You might borrow money for any number of different needs. A home. A car. A college degree. Yet, in every case, your application must meet certain criteria for approval. As one example, your FICO® score gives lenders a view of your recent track record for repaying debt.

Yet there’s another crucial indicator by which your application is weighed: Your Debt-To-Income (DTI) Ratio.

It’s a straightforward concept. Your DTI ratio measures what percentage of your pre-tax earnings will be committed to the repayment of debt. According to Peter McCarthy, Head of Mortgage Lending for PNC Bank, the DTI ratio is a tool that helps the lender and borrower alike.[1]

“We want borrowers to succeed, not get in over their heads with a loan they cannot afford. That’s why we use the DTI ratio to determine how much exposure a borrower will face when repaying the loan.

“But even before applying for a mortgage or other loan, a smart borrower can look at their DTI ratio to assess their overall financial picture, including how much they can afford to borrow,” says McCarthy.

Lakhbir Lamba, PNC Bank’s Head of Retail Lending, agrees that the DTI ratio can be a valuable tool for consumers, rather than a barrier for applicants to overcome.

“When we look at a credit application, we want to be sure consumers can comfortably handle the additional monthly payments that new debt brings—without being overwhelmed.”

So, harnessing your DTI ratio to assess your overall financial health lets you anticipate the financial road ahead—and whether it’s prudent to take on new debt.

After all, it’s better to understand your current level of debt today, not face the unpleasant surprise of a loan application being turned down.

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How Do You Measure Your DTI Ratio?

There are a number of different methods for calculating your DTI ratio, all of which center around your monthly income and how much of that income is needed to meet your financial obligations.

When calculating your DTI ratio, thoroughness counts. Make sure that every monthly debt is factored in, including student loans, credit card payments, insurance payments, and more. Essentially, if it’s a required payment, then it should be part of your calculations.

“It’s important to know how much you can afford,” McCarthy offers. “In the case of a mortgage application, that includes factors such as property taxes, homeowners’ insurance, private mortgage insurance, and flood insurance. You should look at matters holistically, so you can form a realistic picture of what you can afford.”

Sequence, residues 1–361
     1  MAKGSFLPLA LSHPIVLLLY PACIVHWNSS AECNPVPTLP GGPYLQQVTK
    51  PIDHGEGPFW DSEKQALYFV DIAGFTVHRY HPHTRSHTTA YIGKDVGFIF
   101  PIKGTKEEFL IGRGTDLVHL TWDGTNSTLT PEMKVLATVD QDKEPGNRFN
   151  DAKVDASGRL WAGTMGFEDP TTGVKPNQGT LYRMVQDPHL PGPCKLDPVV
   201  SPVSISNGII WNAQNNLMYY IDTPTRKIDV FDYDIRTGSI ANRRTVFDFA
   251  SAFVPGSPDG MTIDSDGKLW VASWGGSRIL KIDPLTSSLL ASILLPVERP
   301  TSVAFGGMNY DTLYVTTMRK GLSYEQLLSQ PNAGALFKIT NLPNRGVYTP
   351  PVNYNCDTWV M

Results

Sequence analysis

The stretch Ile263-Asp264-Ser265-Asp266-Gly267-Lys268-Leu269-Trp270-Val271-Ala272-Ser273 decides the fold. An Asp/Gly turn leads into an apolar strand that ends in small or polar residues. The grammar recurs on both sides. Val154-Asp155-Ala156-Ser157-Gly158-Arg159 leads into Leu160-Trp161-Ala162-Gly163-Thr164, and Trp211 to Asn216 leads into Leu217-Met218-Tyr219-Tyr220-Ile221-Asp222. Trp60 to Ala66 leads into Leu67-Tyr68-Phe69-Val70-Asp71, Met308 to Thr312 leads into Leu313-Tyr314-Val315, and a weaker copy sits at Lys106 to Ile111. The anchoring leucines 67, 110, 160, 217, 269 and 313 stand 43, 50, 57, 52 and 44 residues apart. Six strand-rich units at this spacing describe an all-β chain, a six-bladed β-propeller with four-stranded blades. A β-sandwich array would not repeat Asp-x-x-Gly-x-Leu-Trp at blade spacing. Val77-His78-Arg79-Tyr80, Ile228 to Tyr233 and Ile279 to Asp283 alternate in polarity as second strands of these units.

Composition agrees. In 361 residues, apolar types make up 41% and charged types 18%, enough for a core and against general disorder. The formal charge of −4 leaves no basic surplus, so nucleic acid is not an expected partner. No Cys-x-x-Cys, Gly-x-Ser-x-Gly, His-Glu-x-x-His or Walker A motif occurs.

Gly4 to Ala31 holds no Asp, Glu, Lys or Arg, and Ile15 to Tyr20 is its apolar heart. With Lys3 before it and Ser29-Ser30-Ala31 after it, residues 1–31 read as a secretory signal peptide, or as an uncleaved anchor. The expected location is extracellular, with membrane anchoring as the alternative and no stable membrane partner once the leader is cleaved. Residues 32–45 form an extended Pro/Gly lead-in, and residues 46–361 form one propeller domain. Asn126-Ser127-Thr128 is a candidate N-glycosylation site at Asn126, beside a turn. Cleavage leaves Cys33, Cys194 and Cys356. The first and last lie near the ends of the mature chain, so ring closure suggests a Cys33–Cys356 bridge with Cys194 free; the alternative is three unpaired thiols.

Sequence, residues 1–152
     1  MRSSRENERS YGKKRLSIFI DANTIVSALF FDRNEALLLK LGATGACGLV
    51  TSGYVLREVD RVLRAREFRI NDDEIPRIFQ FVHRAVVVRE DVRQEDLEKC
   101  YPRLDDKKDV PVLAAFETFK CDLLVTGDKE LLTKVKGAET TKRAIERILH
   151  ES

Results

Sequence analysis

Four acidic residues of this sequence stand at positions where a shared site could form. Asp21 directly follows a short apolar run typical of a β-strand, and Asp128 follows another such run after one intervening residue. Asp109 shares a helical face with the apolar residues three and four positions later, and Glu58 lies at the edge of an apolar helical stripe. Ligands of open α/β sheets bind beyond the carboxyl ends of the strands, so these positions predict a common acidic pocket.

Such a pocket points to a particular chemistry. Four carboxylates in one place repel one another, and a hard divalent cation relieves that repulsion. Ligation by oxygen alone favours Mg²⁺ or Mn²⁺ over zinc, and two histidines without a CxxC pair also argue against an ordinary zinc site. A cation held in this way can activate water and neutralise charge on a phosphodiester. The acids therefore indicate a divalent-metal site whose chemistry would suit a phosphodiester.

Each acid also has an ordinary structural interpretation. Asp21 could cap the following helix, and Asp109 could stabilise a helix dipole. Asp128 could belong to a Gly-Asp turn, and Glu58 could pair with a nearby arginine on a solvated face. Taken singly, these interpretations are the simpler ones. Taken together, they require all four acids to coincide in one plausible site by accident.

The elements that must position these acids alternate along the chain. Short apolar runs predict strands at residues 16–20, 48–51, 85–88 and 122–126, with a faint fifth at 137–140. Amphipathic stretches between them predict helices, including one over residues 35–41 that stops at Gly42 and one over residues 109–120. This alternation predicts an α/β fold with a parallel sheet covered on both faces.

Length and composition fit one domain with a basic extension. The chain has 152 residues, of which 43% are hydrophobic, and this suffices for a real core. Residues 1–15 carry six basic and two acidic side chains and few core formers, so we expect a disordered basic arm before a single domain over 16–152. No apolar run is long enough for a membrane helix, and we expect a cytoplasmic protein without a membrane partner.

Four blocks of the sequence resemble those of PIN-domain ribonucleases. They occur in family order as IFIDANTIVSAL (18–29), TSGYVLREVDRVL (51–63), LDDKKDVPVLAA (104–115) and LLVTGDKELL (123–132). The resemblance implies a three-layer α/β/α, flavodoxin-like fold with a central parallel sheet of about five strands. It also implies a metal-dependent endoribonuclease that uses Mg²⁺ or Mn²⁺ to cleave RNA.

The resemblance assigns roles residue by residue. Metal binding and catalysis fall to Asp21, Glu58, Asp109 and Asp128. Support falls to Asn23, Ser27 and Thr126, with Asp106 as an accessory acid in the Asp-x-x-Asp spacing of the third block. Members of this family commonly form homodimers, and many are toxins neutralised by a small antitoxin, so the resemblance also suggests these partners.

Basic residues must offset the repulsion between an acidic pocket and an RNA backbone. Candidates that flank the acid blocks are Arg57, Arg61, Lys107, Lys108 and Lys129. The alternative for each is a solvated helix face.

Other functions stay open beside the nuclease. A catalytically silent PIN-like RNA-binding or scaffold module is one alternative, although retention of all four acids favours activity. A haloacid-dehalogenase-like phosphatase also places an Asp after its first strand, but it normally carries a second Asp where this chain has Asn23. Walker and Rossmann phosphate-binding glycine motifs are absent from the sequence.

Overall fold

The industry standard for mortgages is the 28% DTI ratio. It is a simple calculation, based on the premise that your mortgage payment and associated expenses should be less than 28% of your pre-tax income. 

Let’s say you earn $8,000 per month before taxes. Multiply $8,000 by 0.28 and, according to this model, your mortgage payment should be less than $2,240.[2]

“The idea behind this calculation is that repaying debt should not take every penny of your income,” McCarthy points out. “Staying within this range allows you to have money for other needs, whether it’s buying furniture, making household repairs, or simply saving for the future.”

While the 28% DTI ratio is the most common guideline for mortgages, it also is important to understand how additional debt such as credit cards, vehicle loans, and student loans affect your overall attractiveness as a borrower. While every borrower’s situation is different, lenders generally prefer to see a total DTI ratio of less than 36%

Want to explore your DTI ratio more fully? PNC has a handy calculator that helps determine what mortgage payment amount you can afford. Just click on the link below and see how valuable learning your DTI ratio can be.

Mortgage Affordability Calculator: How Much House Can I Afford? (

What If My DTI Ratio Is Too High?

Once you determine your Debt-to-Income Ratio, you might find that your financial health is good. But what steps do you take if you find you’re carrying too much debt?

According to Lamba, “Lenders want to ensure that you aren’t overwhelmed by excessive debt. So, this is a good time to look at your overall financial picture and lower existing obligations to a more manageable level.”

If your DTI ratio is too high, here are steps you can take to lower existing debt:

  • Create a budget. Look over both your take-home pay and expenses to see where you can cut back. Then, over time, allocate those savings toward debt repayment;
  • Prioritize debt payments. Pay off high-interest debts first so they don’t accumulate more interest over time;
  • Increase payments. When possible, make larger payments toward your debts. This reduces your principal and shortens the repayment period;
  • Consider debt consolidation. When you combine multiple debts into a single loan with a lower interest rate, you can simplify payments and potentially reduce monthly obligations. This also reduces your interest expense; and
  • Seek professional advice. Struggling with debt? Sometimes a financial advisor or credit counselor can provide personalized, objective guidance on managing debt effectively.

By following these strategies, you can make progress towards reducing your DTI ratio, often much more quickly than you might think. Not only will you have the peace of mind that comes from reducing debt, but you also can enjoy greater confidence when applying for a loan.

Knowledge is power, as the saying goes. And knowing your DTI ratio can help you achieve greater financial strength in the future.

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